House Of The Lararium
The House of the Lararium is also known as the House of the Lararium of Achilles as well as the House of the Ilion Sanctuary. The house was first excavated between 1912 and 1913 and derives its name from a small room in the south west corner of the atrium referred to as the ‘Lararium’. Together with the House of the Cryptoporticus it was once part of a much larger property which was subdivided, probably after the earthquake of 62AD. The vault and upper parts of the wall of the atrium are stuccoed and painted in the fourth style with scenes from the Iliad showing figures, in relief enacting the final episodes of the Trojan war. In the north west corner of the courtyard is a flight of stairs to the upper floor. In the courtyard were found piles of building material along the east wall as well as under the stairs. Off the north east corner of the courtyard is the service consisting of the kitchen.
House Of Cryptoporticus
The House of the Cryptoporticus excavated in the period 1911-29, once formed part of a much larger property belonging to the Valerii Rufi family. This house, which must have been one of the largest in Pompeii, was divided in two, probably just after the earthquake of 62AD. In one, the grand cryptoporticus, with its luxurious baths, was reduced to a warehouse; in the other (the House of the Lararium), the elegant ‘Room of the Elephants’ that once opened onto a broad loggia overlooking a large garden became the rear room of a much smaller house. The decoration of the lararium shows a large serpent raising its head towards a bust of Mercury set in an arched niche above a projecting ledge. Under the niche is a second snake coiled round a small altar. In the background are a variety of plants and bird life including a rather splendid peacock. Opening off the east wing of the cryptoporticus is a baths complex. The decorative theme of the triclinium is a repeat of that of the cryptoporticus, the herms and caryatids here becoming half busts supporting the fine cornice which is embellished with corbels in the shape of bulls in relief.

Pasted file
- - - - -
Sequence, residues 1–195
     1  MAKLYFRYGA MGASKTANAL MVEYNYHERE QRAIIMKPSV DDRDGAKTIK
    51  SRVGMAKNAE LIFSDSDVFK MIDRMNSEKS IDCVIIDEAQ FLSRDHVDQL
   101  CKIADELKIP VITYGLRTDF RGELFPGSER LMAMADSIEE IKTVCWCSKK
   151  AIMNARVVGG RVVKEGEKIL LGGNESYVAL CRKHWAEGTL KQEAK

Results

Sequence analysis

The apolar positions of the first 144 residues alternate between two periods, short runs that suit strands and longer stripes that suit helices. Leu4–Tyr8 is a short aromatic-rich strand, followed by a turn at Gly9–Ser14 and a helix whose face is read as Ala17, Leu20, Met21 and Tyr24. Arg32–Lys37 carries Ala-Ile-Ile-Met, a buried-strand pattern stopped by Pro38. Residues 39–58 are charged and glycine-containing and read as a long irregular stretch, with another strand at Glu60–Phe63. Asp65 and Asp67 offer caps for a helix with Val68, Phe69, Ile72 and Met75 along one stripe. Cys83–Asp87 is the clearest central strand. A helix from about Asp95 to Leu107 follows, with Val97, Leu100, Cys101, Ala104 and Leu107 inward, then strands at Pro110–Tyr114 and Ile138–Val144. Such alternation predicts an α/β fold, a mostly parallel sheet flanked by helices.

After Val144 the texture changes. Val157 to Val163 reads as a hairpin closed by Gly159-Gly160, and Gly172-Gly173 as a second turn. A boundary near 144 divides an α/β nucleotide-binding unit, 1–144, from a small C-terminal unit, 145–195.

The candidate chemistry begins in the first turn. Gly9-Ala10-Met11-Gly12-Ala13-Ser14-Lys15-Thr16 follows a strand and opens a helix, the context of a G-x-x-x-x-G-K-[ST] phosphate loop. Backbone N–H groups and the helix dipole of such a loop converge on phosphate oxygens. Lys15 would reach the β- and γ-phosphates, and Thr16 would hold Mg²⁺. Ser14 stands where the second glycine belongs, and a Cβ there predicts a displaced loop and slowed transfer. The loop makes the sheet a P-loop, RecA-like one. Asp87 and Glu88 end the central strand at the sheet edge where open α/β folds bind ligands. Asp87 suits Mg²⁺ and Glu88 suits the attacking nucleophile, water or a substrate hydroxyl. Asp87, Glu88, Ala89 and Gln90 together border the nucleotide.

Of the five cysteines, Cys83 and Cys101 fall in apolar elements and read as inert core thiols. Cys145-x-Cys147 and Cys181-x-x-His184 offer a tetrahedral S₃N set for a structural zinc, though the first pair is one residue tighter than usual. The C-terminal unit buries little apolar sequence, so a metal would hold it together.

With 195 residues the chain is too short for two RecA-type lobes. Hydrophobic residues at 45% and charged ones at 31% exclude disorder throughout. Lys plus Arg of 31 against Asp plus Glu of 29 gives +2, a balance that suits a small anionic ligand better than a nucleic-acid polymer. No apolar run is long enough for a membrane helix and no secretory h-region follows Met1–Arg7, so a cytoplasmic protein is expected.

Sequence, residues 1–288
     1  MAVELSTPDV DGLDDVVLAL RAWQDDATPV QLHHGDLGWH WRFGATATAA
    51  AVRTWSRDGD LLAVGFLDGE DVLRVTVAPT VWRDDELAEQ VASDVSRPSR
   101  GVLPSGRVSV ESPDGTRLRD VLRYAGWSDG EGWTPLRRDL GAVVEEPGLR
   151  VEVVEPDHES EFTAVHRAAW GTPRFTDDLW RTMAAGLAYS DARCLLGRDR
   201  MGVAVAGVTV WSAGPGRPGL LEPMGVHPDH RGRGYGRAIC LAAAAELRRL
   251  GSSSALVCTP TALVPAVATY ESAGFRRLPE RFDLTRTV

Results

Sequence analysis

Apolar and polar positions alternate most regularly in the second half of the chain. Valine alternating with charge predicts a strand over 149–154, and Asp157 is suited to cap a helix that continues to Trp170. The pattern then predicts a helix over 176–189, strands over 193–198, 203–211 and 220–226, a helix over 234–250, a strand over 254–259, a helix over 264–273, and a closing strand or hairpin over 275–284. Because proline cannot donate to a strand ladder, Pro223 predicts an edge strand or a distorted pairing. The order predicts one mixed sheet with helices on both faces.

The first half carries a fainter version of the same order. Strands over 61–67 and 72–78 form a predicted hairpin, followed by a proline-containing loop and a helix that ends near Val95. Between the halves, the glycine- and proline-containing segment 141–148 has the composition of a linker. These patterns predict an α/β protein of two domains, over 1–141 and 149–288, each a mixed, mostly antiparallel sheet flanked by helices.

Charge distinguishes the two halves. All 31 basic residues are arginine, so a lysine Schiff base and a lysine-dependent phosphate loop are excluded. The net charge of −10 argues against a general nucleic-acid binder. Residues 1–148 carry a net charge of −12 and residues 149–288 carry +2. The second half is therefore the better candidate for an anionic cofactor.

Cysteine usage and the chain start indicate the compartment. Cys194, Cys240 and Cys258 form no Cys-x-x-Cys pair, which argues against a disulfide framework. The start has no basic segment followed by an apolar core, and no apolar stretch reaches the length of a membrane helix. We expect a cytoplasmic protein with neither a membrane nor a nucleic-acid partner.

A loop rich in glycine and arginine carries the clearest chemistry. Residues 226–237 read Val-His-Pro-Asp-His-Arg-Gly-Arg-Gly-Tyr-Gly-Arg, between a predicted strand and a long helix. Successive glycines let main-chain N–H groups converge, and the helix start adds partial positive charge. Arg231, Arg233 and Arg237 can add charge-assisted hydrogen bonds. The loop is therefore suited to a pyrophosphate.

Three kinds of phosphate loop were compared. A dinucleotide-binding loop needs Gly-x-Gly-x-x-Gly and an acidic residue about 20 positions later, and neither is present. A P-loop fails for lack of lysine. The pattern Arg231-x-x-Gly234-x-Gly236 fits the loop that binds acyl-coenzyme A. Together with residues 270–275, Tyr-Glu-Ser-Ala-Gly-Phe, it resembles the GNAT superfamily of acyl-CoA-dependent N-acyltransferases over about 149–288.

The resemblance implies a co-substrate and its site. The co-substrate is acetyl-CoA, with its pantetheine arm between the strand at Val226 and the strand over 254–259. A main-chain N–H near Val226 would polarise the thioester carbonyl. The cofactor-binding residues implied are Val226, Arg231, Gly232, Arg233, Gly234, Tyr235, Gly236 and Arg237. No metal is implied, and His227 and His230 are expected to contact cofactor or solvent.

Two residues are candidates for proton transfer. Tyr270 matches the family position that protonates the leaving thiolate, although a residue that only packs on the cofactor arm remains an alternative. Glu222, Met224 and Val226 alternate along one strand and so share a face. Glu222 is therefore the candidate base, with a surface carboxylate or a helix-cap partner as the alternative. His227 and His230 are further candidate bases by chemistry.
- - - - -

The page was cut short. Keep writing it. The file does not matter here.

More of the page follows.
House Of Ceii
The house of the Ceii is also known under two other titles – the House of L. Ceius Secundus whose name is mentioned in a campaign message painted on the house’s facade and also as the House of Fabia and Tyrannus. The house was excavated between May 1913 and August 1914. The walls of the garden area are decorated in the fourth style above a lower decorative red frieze featuring plants and bird life. There is a large hunt scene painted on the north wall The east and west walls of the garden area carry Egyptian landscapes featuring pygmies, hippopotami, crocodiles and Egyptian style buildings, all with red or yellow borders containing decorative elements.
House Of Menander